Most developers learn best by examples, which naturally tend to simplify matters and omit things that aren’t essential for understanding. This means that the “Hello World” example, when used as starting point for an application, may be not suitable for production scenarios at all.
I started using Node.js like that and I have to confess that it took me almost two years to quantify the huge performance impact of omitting a single environment variable. In fact it was just a coincidence that I even did it right in my previous projects.
Mind your environment
Environment variables are often used for distinguishing between environments like “production” or “development”. Depending on those variables an application may turn debugging on or off, connect to a specific database, or listen on a specific port.
In Node.js there is a convention to use a variable called NODE_ENV to set the current mode.
For my Node.js projects I mostly use Express.js, a lightweight web application framework. If you look at its Hello World example you might think Express doesn’t care about the mentioned NODE_ENV variable because there is no reference to it. However, a look at the source code tells a slightly different story. We see that it in fact reads NODE_ENV and defaults to ‘development’ if it isn’t set. This variable is exposed to applications via ‘app.get(“env”)’ and can be used to apply environment specific configurations as explained above, but it’s up to you to use this or not.
One strength of Node.js is its module ecosystem, and a typical application uses plenty of them. For Express I always at least install a template engine which can be easily added to a project. You see that there is no further configuration needed. It just works out-of-the-box. And basically, this is where the trouble starts.
The hidden powers of NODE_ENV
While you might think that you are environment-agnostic by not using NODE_ENV or app.get(‘env’), Express takes care of that for you and will for instance switch the view cache on or off depending on if NODE_ENV ist set to ‘development’ or ‘production’. This makes sense because you don’t want to restart your app to clear the cache every time you change some markup. Consequently, this also means that your views are parsed and rendered for every request in development mode. Do you remember that this is the default if you omit NODE_ENV?
In my applications, I always used some conditions that relied on the “env” variable, so I launched them with something like
NODE_ENV=<environment> node server.js. But what would happen if I didn’t? Would there be a notable performance hit?
I’ve created a little sample app that connects to a database, calls some external services and renders a page using Jade.
After instrumenting it using Dynatrace I ran several tests using the apache benchmarking tool (ab) like that:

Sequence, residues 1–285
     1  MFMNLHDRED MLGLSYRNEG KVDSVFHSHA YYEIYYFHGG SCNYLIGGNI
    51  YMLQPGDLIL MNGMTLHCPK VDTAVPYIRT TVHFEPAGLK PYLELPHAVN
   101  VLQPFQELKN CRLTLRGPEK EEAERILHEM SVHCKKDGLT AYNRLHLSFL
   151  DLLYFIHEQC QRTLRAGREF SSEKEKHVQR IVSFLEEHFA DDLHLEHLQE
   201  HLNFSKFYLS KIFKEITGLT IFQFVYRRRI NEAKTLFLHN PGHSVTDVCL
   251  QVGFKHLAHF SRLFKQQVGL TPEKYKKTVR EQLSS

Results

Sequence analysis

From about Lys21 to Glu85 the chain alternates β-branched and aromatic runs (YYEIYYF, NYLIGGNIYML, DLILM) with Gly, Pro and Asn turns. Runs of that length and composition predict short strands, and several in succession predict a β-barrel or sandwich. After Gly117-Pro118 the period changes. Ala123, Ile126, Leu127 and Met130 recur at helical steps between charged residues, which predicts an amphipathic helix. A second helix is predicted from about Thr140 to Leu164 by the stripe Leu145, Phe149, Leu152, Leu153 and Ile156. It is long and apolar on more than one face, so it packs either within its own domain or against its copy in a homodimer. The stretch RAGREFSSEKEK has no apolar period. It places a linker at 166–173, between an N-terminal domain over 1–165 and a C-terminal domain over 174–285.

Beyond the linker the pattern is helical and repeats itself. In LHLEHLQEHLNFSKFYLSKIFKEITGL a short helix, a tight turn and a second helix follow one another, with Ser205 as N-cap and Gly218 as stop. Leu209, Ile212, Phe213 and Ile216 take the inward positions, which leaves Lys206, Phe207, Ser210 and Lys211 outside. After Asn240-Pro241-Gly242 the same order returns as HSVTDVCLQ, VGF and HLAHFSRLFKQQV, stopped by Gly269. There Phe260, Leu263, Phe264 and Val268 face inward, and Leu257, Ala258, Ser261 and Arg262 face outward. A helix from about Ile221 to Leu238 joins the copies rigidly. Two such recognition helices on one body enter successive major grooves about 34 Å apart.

ab -c 100 -n 10000 http://<myhostname>:3000/
This means: open this webpage 10.000 times with a concurrency of 100.
Using Dynatrace I charted the number of requests versus CPU usage and the results were really stunning:
The green bars show the number of requests and the blue line represents the CPU usage. We clearly see that by setting NODE_ENV to production the number of requests Node.js can handle jumps by around two-thirds while the CPU usage even drops slightly.
Let me emphasize this: Setting NODE_ENV to production makes your application 3 times faster!
Let’s peek into the CPU
At this point I was just curious what was really going on in the CPU, so I used v8-profiler to profile it. My sample app already contains the code for triggering CPU snapshots and I’ll do an in-depth blog post about that soon.
My favorite way of displaying trees like call stacks is the sunburst chart which works like a pie-chart with different levels that represent a tree structure.
This means in this case that the whole circle is the time slice measured and the arc length of the different slices represents the time that a given function occupied the CPU. As call stacks are a tree structure the center represents the root node and the steps away from the center of a given slide equals its depth in the tree.
There is a lot going on and if we hover over the individual slices we see that the CPU is busy with rendering the Jade templates most of the time.
After switching NODE_ENV to production the result looks completely different:
It immediately becomes clear that there is much less going on on the CPU than previously. Now only a fraction of time is spent with template rendering and – as we already found out – more time can be spent serving requests.
I learned much during these experiments. Most importantly to never ever run Express in production without NODE_ENV set accordingly. I will also push for displaying the current mode in Dynatrace to save our clients from bad surprises in the future.
Edit: Alright – but how do I set NODE_ENV properly?
I was asked that question on Facebook after releasing this post and I agree that it really makes sense to cover that.
NODE_ENV works like any other environment variable (e.g. PATH) and it depends on your platform how to set it:
- Linux and OSX:
On all platforms you can explicitly set it when starting your application like that:
NODE_ENV=production node myapp.js. You may also use a module like dotenv to set it from an .env file in your application directory. That said, you should avoid setting the environment directly in your code because this contradicts the purpose of environment variables.
Creating the chart that shows the number of requests Node can handle took me around five minutes. Try it out yourself. Dynatrace is available for free if you use it on your local machine and can be tested with full functionality for 15 days if you deploy it on your webserver.